Written by: Whitney Mosley,
Education Manager, History Museum On The Square
In 1928, a group of women, many of whom were current or former educators at Springfield’s Lincoln School, formed the Literary Calm Chat Club to support education, literacy, and the arts in the Black community. The educators at Lincoln School were known for their deep commitment to their students. They enriched education for their community in many ways during segregation. One of these was ensuring access to literature. There was limited access to the public library for Black Springfieldians during segregation. Starting from when it opened in 1905, Carnegie Library allowed Black patrons to request circulating books at the desk and check them out but they were not allowed to go into the stacks to see what was available or use the reading rooms. In 1917, a small public library branch opened at Old Lincoln which was the school for Black students. New Lincoln School opened in 1931 with funding from the Rosenwald Foundation. It had a larger community library that was available to all Black Springfieldians with expanded hours for public use. The purpose of the Literary Calm Chat Club was to support the study of art, culture, and literature. The club donated books to the Lincoln Library. They met once a month to share their studies, with special emphasis given to plays, and invited guest lecturers. Members also supported the education and achievements of Black students through scholarships and awards, as well as ensuring they had access to books that would enhance their education and lives.
About the Timeline of Black Education Display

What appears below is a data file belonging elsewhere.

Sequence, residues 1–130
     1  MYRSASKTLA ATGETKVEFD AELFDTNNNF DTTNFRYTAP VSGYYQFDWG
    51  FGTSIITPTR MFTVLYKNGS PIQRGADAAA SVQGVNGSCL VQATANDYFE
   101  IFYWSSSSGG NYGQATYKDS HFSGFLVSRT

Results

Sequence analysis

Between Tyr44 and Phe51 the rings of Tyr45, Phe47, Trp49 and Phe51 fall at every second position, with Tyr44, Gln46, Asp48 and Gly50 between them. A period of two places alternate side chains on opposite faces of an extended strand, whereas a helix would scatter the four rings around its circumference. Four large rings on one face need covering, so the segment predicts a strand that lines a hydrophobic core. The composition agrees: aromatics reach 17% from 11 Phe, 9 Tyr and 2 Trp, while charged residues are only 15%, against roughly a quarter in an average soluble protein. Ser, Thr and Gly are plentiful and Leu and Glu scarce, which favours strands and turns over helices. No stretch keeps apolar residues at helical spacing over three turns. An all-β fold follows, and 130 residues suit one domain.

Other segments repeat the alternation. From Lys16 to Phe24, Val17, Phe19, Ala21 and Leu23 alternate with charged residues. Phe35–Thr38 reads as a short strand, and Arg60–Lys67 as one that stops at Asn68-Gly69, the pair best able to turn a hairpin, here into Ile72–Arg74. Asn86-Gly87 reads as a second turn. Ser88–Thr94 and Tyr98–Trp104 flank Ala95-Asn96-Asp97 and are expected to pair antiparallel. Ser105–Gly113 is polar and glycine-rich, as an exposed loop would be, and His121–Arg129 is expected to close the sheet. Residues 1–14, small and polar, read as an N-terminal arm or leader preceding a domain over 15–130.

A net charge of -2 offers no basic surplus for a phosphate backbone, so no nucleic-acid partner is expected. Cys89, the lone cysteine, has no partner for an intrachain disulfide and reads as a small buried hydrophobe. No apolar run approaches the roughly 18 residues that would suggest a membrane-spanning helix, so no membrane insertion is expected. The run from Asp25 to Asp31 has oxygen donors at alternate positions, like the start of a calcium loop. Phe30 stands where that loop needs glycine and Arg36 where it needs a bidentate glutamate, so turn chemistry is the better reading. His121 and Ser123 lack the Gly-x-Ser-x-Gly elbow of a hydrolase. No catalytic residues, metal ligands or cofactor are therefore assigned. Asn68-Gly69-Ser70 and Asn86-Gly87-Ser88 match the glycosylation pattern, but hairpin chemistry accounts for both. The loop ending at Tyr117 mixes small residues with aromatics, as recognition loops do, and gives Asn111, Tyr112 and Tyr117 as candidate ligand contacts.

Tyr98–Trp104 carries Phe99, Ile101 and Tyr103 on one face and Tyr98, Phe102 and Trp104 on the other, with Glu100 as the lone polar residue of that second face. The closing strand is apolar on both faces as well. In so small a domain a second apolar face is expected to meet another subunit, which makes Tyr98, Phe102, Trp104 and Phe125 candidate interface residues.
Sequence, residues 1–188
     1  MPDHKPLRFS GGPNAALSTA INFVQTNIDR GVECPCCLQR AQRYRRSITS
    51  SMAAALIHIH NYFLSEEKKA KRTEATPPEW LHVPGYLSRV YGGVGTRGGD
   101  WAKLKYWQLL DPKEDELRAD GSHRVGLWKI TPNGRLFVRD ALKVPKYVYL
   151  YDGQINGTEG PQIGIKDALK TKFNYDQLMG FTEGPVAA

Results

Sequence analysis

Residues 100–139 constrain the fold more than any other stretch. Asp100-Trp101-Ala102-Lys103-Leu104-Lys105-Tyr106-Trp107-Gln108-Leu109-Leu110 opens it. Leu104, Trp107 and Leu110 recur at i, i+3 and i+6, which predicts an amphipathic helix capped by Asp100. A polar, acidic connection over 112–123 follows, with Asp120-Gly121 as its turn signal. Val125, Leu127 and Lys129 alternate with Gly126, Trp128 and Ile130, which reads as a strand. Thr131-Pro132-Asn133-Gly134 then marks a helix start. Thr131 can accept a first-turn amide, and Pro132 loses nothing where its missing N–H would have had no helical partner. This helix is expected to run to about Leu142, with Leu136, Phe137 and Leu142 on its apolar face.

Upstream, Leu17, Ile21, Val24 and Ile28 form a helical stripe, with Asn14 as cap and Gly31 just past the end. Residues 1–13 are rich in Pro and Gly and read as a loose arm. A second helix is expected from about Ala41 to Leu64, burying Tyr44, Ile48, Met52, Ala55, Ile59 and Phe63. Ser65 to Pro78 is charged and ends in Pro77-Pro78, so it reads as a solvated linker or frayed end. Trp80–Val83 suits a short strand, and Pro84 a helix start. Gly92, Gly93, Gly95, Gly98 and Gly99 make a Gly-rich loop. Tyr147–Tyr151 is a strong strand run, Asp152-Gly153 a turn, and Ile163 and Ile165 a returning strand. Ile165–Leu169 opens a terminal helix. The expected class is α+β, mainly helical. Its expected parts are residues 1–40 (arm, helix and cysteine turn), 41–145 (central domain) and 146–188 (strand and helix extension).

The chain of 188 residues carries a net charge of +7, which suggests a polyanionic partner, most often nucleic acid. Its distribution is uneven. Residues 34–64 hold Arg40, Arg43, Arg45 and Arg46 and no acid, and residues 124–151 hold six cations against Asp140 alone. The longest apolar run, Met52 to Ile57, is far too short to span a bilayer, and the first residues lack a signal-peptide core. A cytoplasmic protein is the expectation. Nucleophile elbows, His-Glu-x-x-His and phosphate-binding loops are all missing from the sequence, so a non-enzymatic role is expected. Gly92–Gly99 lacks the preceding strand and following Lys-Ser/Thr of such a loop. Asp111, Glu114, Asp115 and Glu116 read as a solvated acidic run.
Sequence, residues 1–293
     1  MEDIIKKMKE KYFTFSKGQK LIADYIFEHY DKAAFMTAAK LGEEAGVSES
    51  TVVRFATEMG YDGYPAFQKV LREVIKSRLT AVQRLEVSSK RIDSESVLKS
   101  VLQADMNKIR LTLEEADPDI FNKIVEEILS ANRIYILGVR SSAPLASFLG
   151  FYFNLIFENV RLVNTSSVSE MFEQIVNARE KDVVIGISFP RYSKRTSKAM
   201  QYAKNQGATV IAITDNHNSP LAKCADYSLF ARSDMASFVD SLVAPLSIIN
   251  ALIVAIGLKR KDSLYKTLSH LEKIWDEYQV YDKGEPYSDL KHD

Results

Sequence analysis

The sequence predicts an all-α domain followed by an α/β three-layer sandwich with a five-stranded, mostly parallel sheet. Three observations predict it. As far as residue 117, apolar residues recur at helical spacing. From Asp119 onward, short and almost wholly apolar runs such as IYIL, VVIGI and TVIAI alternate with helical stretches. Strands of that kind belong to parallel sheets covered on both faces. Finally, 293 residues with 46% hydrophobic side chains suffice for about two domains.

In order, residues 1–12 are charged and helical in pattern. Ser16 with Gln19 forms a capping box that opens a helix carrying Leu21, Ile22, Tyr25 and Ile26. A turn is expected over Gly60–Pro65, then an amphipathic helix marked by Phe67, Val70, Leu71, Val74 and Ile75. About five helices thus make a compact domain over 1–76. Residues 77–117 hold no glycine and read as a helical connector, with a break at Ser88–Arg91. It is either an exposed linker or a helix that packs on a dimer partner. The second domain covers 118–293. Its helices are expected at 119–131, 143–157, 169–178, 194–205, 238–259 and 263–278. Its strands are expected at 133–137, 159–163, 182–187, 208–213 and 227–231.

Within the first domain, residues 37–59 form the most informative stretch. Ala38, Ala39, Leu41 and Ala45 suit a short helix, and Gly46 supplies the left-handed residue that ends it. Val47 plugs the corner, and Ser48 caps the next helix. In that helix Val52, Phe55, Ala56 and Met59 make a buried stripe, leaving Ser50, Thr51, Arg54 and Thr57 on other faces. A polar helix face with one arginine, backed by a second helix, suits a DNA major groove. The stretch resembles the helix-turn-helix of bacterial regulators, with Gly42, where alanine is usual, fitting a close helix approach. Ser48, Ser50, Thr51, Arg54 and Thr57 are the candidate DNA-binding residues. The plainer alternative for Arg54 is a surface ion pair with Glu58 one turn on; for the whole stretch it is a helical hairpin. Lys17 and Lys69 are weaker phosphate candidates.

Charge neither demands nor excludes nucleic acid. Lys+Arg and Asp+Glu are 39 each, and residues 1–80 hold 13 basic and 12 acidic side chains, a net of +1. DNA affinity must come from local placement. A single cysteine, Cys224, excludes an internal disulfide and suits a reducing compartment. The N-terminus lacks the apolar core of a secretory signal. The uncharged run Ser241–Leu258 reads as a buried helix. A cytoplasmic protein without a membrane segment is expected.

The Timeline of Black Education: School Segregation in the U.S., Missouri, and Springfield showcases national, state, and local Black educational history through 4 pop-up panels. The timeline was originally part of the exhibit Community Cornerstones: Springfield’s Black Educators at the History Museum on the Square. This education display is now available for rent for use in schools, libraries, businesses, and other community organizations to share the history of school segregation and the impact of Black educators on a national and local level.
Resources provided with the display rental include: The video Sharing Memories of Community
Cornerstones featuring interviews with former Lincoln Students (M&G History Keepers), biographies of Springfield’s Black Educators, and a detailed timeline of Black educational history. This timeline display was made possible by the Community Foundation of the Ozarks and contributions from the M&G History Keepers.
Members of the Literary Calm Chat Club: Roberta Thomas Bartley, Adah Fulbright, Billy Decatur (little boy), Olive Decatur & other members.